The article Who can teach leadership? by the HBR published last week states that we learn to lead through the experience of leading and following. It is a great read where Gianpiero Petriglieri shares his experience as a professor of a leadership course for business professionals.
In a recent study "Jennifer Petriglieri, Jack Wood and Gianpiero Petriglieri found that working with professionals who espoused different perspectives and values helped managers question, and learn more deeply from, their own experience — building the personal foundations required to lead mindfully, effectively and responsibly. Whatever qualifications and work history a teacher (or a coach) may have, then, matters less than their ability to help you maximize your return on experience. Will your course, your teachers, your classmates, help you approach, examine and draw meaningful lessons from your experience past and present? Will they take your experience seriously without taking your conclusions literally? Will they challenge you to take a second look at things you usually take for granted, or rush over? Will they provoke you to articulate, broaden or revise the views you have of yourself, leading, and the world? Will you be open and committed to that work? These are the questions you should ask anytime you're enlisting someone to help you become a better leader."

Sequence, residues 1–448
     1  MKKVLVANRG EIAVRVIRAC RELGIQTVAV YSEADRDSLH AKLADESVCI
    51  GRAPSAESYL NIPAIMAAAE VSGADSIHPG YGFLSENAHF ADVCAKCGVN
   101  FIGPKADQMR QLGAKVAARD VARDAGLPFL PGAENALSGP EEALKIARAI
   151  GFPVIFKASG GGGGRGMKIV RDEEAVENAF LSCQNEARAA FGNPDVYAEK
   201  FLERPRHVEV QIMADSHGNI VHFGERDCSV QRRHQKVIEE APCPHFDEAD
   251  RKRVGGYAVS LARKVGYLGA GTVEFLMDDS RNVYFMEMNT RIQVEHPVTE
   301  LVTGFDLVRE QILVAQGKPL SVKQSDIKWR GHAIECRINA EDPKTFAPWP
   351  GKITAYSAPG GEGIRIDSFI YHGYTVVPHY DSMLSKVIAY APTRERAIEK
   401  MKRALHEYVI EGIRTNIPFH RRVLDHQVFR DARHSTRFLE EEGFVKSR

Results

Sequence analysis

Again, these are great practices to learn when you are getting an MBA. But, I am grateful to work at a preschool based on social costructivism that supports the learning of many of these practices at an early age. How would the world look like if we lead and follow from a young age? If we reflect of our own teaching/parenting and we focus our daily interactions on giving children different perspectives instead of the correct answer? If we challenge them to take a second look at things that we take for granted or rush to teach because that is what they are supposed to be learning right now? Let's maximize the return on the experience on a day to day basis. Let's teach leadership.